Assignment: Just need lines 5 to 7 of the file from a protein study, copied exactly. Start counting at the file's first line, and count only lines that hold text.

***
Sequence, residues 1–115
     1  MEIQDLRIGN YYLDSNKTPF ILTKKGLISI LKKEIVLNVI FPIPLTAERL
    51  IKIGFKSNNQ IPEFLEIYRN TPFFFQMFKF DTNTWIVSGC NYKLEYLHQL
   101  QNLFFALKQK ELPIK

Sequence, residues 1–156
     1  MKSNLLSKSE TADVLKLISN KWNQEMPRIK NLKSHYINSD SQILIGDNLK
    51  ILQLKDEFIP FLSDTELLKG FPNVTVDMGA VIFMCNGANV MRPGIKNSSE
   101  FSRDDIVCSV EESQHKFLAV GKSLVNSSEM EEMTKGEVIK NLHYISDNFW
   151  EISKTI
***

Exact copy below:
Sequence, residues 1–156
     1  MKSNLLSKSE TADVLKLISN KWNQEMPRIK NLKSHYINSD SQILIGDNLK
    51  ILQLKDEFIP FLSDTELLKG FPNVTVDMGA VIFMCNGANV MRPGIKNSSE